History of the Burton Hunt
We can argue forever about which is the oldest pack of foxhounds, but the evidence for the Burton being one of them is incontestably presented in a map of “Parte of Lincolnshire showing the boundaries of hunting ye Foxe with our hounds in this year of Grace 1672, John Monson, Burton Magna“.
These were not the days of equestrian cut and thrust. The cold dawn would have seen the Monson family and a few friends in their heavy clothes, on unclipped horses, with slow hounds nosing the drag from some nocturnal fox across the wild heath north and south of Lincoln. The Monson family stuck to their pastime through 150 years.
The sport grew faster. Mother Monson complained that her son spent too much time hunting. Son Monson enlarged the hall for the hunt breakfasts and the Sub-Dean of the Cathedral, tried beyond his patience by the endless dinner chat of hunting, let off: “You are a parcel of men with vacant minds; The dogs smell a stink, they run and you gallop after them“. Lord Monson engaged a second whipper-in, and a correspondent (1782) wishes him “plenty of foxes and good scenting days, no lame horses and the devil take the hindermost“.
Just when, in 1809, the 24 year old fourth Lord Monson was warming to the task of keeping his pack of foxhounds amongst the best blood in the country, nature accounted for him. The gentlemen of Lincolnshire cast around for a new master and up turned one of those adventurous amateurs whose exploits with hounds and the ladies either break or make a hunt. George Osbaldeston was 25 and he soon fell out with everyone except the foxes which he pursued with great noise, energy, boastfulness, courage and determination, to the far corners of the country.
The reputation of the Burton was confirmed. The next 70 years were to be a golden period of six days a week, money no object, good scenting and grass hunting. Thomas Asherton-Smith, the best and most fearless horseman of his time, gave up the Quorn to join them for the sober flute-playing family man, Sir Richard Sutton, spent £300,000 on them; bachelor, introverted, sometimes even dirty Lord Henry Bentinck, daily rode three galloping hacks the 50 miles from the glories of Welbeck to hunt them and bred a pack of foxhounds whose blood lines would be sought after for the next half-century.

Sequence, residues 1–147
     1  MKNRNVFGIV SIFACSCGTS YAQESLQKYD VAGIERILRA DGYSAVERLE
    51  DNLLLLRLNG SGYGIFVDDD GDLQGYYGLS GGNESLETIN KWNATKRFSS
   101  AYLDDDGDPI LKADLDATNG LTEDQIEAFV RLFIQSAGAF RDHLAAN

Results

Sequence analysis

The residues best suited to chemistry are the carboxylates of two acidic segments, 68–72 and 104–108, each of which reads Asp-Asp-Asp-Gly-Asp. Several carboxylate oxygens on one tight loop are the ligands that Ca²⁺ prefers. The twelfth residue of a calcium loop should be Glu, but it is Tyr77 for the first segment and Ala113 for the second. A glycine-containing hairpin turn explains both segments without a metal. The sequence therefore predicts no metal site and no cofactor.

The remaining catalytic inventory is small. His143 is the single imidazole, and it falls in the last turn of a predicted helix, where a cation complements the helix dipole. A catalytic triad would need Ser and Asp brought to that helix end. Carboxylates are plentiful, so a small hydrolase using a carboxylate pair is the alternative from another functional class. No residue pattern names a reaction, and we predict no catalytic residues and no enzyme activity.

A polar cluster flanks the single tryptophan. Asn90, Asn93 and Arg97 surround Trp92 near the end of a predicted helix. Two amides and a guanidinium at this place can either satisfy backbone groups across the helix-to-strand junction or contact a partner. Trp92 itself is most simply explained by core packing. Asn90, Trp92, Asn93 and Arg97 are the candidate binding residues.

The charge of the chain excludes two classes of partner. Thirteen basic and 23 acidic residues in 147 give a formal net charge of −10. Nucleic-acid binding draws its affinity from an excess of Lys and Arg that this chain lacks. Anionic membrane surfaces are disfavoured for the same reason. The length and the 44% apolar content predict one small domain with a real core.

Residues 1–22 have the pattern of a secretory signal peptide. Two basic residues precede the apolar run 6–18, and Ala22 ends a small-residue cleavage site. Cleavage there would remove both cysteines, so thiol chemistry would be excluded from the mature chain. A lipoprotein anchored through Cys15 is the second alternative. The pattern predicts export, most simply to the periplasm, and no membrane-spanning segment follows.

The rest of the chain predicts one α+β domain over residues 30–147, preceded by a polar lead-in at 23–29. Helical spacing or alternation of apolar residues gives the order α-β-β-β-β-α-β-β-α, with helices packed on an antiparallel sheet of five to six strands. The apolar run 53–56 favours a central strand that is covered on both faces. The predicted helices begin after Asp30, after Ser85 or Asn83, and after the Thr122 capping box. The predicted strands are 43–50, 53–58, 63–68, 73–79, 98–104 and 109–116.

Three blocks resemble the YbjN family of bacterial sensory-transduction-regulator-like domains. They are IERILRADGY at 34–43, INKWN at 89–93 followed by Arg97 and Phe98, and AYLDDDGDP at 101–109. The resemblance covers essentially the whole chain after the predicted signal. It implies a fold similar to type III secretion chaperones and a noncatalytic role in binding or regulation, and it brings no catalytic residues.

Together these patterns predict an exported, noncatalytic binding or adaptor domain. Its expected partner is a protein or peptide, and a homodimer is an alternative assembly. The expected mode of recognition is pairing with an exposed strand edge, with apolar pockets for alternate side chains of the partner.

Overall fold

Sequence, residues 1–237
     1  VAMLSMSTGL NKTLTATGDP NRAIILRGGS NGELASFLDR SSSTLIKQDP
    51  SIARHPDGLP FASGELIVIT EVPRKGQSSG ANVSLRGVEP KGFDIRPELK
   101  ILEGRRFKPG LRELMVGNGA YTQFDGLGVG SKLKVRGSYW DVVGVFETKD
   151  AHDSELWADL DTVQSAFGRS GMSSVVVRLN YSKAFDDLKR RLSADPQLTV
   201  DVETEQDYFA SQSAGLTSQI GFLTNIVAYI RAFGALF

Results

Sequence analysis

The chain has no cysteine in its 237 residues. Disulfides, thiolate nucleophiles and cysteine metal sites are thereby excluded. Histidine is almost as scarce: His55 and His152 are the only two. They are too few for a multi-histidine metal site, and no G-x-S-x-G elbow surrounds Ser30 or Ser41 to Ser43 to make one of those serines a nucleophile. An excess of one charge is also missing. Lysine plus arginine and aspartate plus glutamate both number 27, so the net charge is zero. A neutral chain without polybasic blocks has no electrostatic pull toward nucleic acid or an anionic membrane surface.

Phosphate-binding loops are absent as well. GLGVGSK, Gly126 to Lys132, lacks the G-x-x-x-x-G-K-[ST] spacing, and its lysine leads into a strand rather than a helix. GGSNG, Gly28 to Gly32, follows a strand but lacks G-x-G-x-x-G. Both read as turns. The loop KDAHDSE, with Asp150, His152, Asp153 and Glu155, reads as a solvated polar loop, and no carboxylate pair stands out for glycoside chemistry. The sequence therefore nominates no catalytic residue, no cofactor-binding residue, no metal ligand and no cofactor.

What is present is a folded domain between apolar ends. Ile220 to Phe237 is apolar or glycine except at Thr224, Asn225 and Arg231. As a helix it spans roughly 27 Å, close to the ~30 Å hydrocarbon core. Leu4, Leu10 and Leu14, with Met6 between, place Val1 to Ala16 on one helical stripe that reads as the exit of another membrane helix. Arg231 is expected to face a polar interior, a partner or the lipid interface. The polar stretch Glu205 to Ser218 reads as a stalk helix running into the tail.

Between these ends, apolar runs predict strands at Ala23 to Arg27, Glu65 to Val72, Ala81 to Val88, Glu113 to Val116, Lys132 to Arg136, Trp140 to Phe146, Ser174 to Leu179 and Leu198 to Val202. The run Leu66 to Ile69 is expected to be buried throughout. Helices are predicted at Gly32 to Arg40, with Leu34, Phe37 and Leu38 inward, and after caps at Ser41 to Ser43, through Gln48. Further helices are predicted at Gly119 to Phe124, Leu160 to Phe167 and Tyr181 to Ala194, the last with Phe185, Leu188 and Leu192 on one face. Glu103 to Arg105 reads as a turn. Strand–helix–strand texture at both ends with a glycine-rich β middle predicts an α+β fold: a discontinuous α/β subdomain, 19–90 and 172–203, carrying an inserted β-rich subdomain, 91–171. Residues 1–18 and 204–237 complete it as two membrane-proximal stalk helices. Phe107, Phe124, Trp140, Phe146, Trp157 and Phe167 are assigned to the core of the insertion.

The last of this breed was Henry Chaplin, son of a country parson. His company sought by the Prince of Wales, his fiancée stolen by Lord Hastings and nicknamed “manifico”. When money ran short he backed his horse, Hermit, to win £170,000 in the Derby and it did. After four years, money was again short and in 1871 Chaplin hived off to the southern half of the county and formed the Blankney.
After 1871 the hunt went through 55 years of sound management with many good hunts first under F J S Foljambe and then Thomas Wilson. Foljambe’s huntsman was the famous Will Dale, who later went on to Brocklesby and Badminton.
The gloom of the depression was relieved for the Burton farmers by Sir Julian Cahn, renowned in the cricket field by the size of his pads which were said to be inflated by a bicycle pump, respected in the hunting field by his kindness and generosity to the farmers. He removed wire, gave prizes for the best kept hedges and bought and rented coverts.
1948 to present
They got through the last war somehow. The subsequent revival of the hunt has in no small measure been due to Bill Lockwood, his son A W Lockwood and now his grandson John Lockwood. The Dynasty has now reigned for 70 years and shows no sign of losing impetus!
‘A Hunting Manual’ by Anne Fieldsend